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  #21  
Old 06-23-2010, 04:04 PM
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Quote:
Originally Posted by KULTULZ View Post
...Just stay away from GM one wires.
YES! I agree. They don't have a GEN or 'sense' wire.

Quote:
Originally Posted by KULTULZ View Post
...A GEN has to be polarized after install and before starting car...
Actually, if your GEN light is working, that's exactly what it does when you first turn the key; it 'tickles' the armature with +12-volts as it shines. That small current produces enough magnetism to kick-start the armature as it cuts through the field lines of flux. The GEN light goes out when the generator produces more voltage, than the battery's voltage.
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  #22  
Old 06-23-2010, 09:57 PM
jackbird60 jackbird60 is offline
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Hi John, I do have a 1960 Tbird Manual.

Jack
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  #23  
Old 06-24-2010, 09:26 AM
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hi Jack
Good!

Where are you at? Have you succeded in testing your VRs? Generator(s)? Have you narrowed down who does not work?? What can we do to help?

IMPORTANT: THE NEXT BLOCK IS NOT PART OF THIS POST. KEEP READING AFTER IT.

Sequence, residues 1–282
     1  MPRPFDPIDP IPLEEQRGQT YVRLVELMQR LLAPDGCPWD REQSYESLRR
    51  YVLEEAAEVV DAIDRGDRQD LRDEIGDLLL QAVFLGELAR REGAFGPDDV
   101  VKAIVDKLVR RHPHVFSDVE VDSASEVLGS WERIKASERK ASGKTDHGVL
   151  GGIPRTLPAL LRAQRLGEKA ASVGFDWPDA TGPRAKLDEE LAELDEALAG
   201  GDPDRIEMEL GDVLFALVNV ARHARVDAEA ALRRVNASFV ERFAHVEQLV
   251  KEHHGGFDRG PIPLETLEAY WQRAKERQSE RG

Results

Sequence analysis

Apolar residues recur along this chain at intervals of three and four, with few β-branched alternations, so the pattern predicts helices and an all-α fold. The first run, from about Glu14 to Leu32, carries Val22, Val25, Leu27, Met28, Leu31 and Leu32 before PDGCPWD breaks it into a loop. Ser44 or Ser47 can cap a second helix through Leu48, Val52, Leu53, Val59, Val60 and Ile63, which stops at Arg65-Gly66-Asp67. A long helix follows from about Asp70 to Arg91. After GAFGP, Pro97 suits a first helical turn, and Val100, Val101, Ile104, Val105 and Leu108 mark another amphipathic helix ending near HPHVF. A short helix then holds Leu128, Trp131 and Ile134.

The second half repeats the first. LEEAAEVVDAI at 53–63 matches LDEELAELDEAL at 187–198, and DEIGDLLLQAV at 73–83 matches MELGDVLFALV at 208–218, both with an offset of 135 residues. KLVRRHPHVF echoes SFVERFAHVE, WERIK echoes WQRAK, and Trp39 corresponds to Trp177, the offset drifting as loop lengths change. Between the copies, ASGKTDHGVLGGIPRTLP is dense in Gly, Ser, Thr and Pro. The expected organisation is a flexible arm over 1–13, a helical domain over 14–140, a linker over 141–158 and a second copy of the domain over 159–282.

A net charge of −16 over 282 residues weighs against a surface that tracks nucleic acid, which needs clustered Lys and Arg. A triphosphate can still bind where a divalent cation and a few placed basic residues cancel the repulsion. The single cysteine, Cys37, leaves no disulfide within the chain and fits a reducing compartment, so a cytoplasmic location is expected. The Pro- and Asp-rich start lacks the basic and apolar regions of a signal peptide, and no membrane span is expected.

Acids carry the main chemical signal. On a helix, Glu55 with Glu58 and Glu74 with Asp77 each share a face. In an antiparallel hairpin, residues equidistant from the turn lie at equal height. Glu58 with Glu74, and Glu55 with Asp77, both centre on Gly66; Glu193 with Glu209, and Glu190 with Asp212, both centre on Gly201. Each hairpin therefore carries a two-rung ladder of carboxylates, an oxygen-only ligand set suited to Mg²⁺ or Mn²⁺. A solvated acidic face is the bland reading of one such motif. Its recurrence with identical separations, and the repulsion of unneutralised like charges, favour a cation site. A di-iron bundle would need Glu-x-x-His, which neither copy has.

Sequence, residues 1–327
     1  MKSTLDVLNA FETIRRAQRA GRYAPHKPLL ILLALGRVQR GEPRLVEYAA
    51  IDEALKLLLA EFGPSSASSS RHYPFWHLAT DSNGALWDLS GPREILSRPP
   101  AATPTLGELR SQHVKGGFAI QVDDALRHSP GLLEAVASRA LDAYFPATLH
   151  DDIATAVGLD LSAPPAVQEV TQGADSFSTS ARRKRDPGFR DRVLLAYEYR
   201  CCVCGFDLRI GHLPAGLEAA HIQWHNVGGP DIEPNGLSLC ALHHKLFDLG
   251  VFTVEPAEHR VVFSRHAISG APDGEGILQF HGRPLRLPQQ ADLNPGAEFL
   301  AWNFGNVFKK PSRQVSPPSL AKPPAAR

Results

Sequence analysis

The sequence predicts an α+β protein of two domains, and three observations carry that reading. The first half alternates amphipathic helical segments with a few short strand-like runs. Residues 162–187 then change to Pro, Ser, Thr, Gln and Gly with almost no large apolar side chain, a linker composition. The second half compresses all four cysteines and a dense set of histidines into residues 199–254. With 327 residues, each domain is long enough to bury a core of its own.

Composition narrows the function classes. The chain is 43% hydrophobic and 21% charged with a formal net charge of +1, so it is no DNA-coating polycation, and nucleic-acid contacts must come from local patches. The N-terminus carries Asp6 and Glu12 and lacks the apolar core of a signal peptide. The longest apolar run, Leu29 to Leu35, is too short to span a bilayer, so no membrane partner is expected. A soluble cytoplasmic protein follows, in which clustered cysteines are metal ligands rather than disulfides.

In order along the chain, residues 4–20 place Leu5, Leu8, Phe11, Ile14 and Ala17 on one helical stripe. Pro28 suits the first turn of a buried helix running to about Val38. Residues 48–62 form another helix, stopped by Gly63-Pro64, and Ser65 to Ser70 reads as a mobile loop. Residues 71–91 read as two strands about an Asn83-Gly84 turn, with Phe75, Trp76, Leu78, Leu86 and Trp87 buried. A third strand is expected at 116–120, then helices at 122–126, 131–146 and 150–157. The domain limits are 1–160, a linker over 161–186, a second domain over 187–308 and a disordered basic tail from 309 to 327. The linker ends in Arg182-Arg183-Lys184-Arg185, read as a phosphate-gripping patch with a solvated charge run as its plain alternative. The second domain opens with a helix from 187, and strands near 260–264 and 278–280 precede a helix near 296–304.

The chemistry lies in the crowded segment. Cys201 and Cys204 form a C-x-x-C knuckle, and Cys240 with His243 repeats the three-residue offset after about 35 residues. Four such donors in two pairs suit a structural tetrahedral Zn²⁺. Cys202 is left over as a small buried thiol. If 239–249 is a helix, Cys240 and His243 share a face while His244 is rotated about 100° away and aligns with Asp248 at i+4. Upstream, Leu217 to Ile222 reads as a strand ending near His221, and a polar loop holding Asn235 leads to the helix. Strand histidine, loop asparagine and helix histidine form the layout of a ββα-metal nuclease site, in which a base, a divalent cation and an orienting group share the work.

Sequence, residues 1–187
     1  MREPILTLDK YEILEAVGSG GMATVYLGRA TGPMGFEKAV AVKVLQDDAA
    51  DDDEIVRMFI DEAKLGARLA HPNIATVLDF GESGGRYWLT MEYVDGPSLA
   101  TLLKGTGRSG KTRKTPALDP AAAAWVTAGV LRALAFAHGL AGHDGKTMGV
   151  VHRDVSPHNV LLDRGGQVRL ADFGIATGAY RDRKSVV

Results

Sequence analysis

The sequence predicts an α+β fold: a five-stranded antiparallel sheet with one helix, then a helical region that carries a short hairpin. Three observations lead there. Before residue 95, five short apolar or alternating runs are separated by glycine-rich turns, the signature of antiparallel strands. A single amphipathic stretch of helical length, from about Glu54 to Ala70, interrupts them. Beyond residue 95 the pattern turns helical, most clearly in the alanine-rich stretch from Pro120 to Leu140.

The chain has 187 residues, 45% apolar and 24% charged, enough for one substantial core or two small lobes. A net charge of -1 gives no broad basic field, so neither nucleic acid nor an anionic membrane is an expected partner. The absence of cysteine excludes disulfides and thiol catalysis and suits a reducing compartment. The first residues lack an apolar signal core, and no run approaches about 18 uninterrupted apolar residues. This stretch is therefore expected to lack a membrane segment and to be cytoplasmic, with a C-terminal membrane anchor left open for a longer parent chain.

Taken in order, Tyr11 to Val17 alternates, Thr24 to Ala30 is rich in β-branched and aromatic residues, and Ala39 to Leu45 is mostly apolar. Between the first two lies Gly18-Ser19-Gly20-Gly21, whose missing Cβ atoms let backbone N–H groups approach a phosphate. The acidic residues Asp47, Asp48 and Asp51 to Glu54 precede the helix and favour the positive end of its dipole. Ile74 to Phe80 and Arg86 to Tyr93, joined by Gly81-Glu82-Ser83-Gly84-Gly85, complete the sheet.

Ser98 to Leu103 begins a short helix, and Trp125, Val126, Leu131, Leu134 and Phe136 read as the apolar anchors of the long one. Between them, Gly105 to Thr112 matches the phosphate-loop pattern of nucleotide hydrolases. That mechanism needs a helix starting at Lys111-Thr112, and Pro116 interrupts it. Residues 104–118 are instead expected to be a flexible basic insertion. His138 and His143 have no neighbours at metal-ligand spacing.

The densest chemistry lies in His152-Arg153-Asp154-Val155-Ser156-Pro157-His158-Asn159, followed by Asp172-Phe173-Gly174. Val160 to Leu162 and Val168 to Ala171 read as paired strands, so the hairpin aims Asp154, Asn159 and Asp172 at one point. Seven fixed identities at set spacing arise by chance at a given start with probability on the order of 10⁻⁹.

John
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  #24  
Old 06-25-2010, 03:23 AM
vernz vernz is offline
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Have you checked the integrity of your wiring between the VR and generator? My 60 generator was not working last year. Using the knowledge I gained on this site, I finally found that one of the bolts that hold the generator together had worn through field wire insulation and grounded out the field wire inside the generator. Since you replaced your generator, that shouldn't be an issue, but the wire external to the regulator could be an issue.

Vern
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  #25  
Old 06-25-2010, 08:09 AM
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An example of a basic rule of old cars: assume nothing - take nothing for granted .
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  #26  
Old 01-10-2014, 10:53 PM
Tedstehr Tedstehr is offline
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Default Generator light

It sounds like you have narrowed the problem to the generator not charging, but you should be aware that a charging light can come on for reasons other than poor or no generator output. That light comes on whenever there is a difference in voltage across the bulb. Normally this is when the battery is higher voltage than the generator output, but it could be caused by a faulty battery (absorbing current,) a short circuit, or a live wire grounding. I had a problem with a power window motor being stuck on and absorbing so much current that the light came on. Essentially the current is flowing in the opposite direction across the bulb.